15 December 2003

Rivalries and Competitions

Recently, Annhell made mention of a certain Asian Blog Awards where he was nominated. The good writer was not impressed by the competition itself, or by the very personal attacks between some of the Singaporean nominees.

Perhaps we Singaporeans do have some unique national trait that enable those few to behave very badly in their blogs, but then again, I believe some sniping is inescapable in literary contests. Unlike other contests or competitions where talent or accomplishment can be gauged objectively on say, the Guiness Book of Records or its TV show ("Biggest Eater", "Most Pierced", "Fastest X"), the literary is entirely a field of strategic positioning, or as some might more pointedly put it, strategic posturing. Hence, it does make sense for any interested literary participant or observer to stake out their own position, to articulate their view on what makes a good blog, play, poem, film, novel, etc...

Ten centuries ago, Murasaki Shikibu and Sei Shonagon were the leading diarists, poets, and novelists of their time (and I believe they still count in the all-time top 5 of Asian writers), in the Japanese court. Yet, from the diary of Murasaki, we find her writing:

"Sei Shonagon has the most extraordinary air of self-satisfaction. Yet, if we stop to examine those Chinese writings of hers that she so pretentiously scatters about the place, we find that they are full of imperfections..."

What Sei Shonagon would've said in response is not known to historians, but we might have a clear idea. Literary critics and historians dub Shonagon as "the witty diarist": frank, sarcastic, witty, and young. In other words, someone who would get away with her sharp comments, as long as they were tastefully done.

In comparison, Murasaki would've been the dignified "Elder Stateswoman". Widowed at 30, she enters the Japanese court at a ripe old age, schooled in Chinese and writing more like a sensitive scholar. One must wonder if the "dull people" in Sei Shonagon's diary entry of "Things I hate in people" might've been a dig at her rival...

Such sniping... even 10 centuries ago! And they didn't even have a competition or award for diary-writing. Then, as with the modern "invention" of the blog, the great Japanese diarists never wrote for themselves, but for a public audience, who waited impatiently for a new entry in anyone's diary.

Then, as now, literary competitions were an exercise in posturing and poseurship for their contestants and nominees, and perhaps much more significantly so for the organiser. The ability to confer "greatness" is greater than the gift itself, and organisers and judges are not unaware of this fact, when they set up or adjudicate at awards... even when that ability is mostly dependant on the social illusion on the part of a number of people, who by their participation, comments, and other behaviour, give "credibility" to the organiser, the judges, and the competition itself.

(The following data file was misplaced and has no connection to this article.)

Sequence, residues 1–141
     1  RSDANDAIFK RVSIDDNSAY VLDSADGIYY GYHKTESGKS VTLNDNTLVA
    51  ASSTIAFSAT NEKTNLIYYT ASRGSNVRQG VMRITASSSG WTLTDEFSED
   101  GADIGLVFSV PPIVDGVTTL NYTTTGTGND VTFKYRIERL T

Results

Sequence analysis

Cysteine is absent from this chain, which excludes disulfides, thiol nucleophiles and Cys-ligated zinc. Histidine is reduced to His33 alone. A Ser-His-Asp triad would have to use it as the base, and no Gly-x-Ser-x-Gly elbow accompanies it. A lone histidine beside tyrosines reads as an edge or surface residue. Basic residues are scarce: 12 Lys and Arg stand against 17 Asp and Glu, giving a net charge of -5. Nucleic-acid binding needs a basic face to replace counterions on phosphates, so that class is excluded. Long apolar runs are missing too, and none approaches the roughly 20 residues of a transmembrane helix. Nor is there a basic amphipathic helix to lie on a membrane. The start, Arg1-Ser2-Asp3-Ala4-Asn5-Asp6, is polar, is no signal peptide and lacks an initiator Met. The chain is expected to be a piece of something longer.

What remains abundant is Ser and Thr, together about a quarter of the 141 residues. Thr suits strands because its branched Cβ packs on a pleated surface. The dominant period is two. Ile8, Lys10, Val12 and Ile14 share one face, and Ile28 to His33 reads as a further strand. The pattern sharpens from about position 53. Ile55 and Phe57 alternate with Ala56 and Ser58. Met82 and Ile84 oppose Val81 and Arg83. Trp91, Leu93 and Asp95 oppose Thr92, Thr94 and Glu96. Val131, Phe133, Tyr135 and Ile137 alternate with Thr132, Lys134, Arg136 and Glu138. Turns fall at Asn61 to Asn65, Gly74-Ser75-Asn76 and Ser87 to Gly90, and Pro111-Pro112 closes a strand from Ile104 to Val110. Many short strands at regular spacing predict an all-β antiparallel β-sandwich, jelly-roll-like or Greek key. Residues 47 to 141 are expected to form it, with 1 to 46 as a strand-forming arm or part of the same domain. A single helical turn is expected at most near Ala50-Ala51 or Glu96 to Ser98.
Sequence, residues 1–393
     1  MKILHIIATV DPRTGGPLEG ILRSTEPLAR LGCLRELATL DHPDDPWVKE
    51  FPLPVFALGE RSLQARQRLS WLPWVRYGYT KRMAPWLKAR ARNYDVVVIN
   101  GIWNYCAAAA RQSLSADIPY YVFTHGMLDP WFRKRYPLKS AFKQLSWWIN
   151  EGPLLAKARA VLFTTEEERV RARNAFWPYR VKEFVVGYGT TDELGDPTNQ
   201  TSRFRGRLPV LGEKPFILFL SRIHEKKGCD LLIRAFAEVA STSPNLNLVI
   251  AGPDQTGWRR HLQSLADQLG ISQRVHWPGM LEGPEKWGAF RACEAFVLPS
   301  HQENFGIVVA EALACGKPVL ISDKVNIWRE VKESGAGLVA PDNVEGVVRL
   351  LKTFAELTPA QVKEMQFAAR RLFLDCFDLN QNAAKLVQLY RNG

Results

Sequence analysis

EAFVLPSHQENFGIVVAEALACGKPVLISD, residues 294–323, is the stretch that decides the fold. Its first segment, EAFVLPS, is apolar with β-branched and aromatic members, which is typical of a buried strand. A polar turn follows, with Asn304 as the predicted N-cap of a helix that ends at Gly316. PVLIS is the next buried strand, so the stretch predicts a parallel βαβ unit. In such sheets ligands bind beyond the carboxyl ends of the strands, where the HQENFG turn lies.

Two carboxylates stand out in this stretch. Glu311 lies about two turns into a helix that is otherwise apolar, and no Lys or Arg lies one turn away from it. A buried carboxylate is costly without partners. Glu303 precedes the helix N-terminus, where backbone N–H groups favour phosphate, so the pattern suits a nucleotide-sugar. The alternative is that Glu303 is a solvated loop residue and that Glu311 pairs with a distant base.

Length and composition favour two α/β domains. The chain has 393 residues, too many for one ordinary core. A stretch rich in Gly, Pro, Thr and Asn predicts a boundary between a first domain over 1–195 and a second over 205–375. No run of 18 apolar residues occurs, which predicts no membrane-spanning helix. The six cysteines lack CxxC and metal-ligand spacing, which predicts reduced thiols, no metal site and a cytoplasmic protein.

It is here that I disagree with Annhell on what makes a credible competition: it doesn't matter whether the awards are handed out by a panel of judges, or by a "democratic" vote from the public. There is zero credibility in literary competitions; it all boils down to posturing again. A panel of judges will make annoint a contestant that best represents the political negotiation of their literary agendas and positions on what is "suitably literary", and which judges are the more influential. Pure audience voting will boil down to how well-connected the nominees are to their voters, and how well they marshall these people. Hence, the best blogger might not even be in the XYZ polls, if his/her readers don't tend to read the site where that poll is from. In addition, how the categories for prizes/awards are constituted will also signal clearly the agendas and biases of the organiser.

In real life, it's pretty easy to find horrendous and comic examples of all that. The Asian TV Awards, for example, consists of 140 entries from 15 countries in Asia. Now, how many countries are there in Asia? How many entries did each TV station enter in this competition? (Which is a really sneaky way of asking how few stations dominated the entire "competition").

The Singapore A Cappella Awards decided to go for the online voting system, starting from 2 years ago. As I recall, in 2001, a certain group won the Audience Favourite Award without appearing for any performance on the public showcase dates at Suntec.

For the Asia Star Search award... the organisers must really hope that audiences don't not get too deep into questioning why "ASIA" is represented solely by Singapore, Hongkong, China, and Taiwan. Or, for some other Asian awards, why the first few categories are always from these few countries, then some other technical categories, and then followed by a few other Asian countries, as if they are an afterthought. Or why "Miss UNIVERSE" doesn't have any extraterrestrial contestants.

I don't believe in any credibility of competitions. But a literary competition I'd give two hoots about would rather have

1. Consistent and coherent, meaningful poseurship and strategic posturing from judges, organisers and participants.
2. Not too much of inbreeding, such that the winner is the one with more friends, or a blog circle that marshalls voting from members.

As thebeastz has pointed out, it is unlikely that the Asian Blog Awards would be repeated next year. For the sake of serious bloggers everywhere, I hope that it will never be repeated in its current state/concept.

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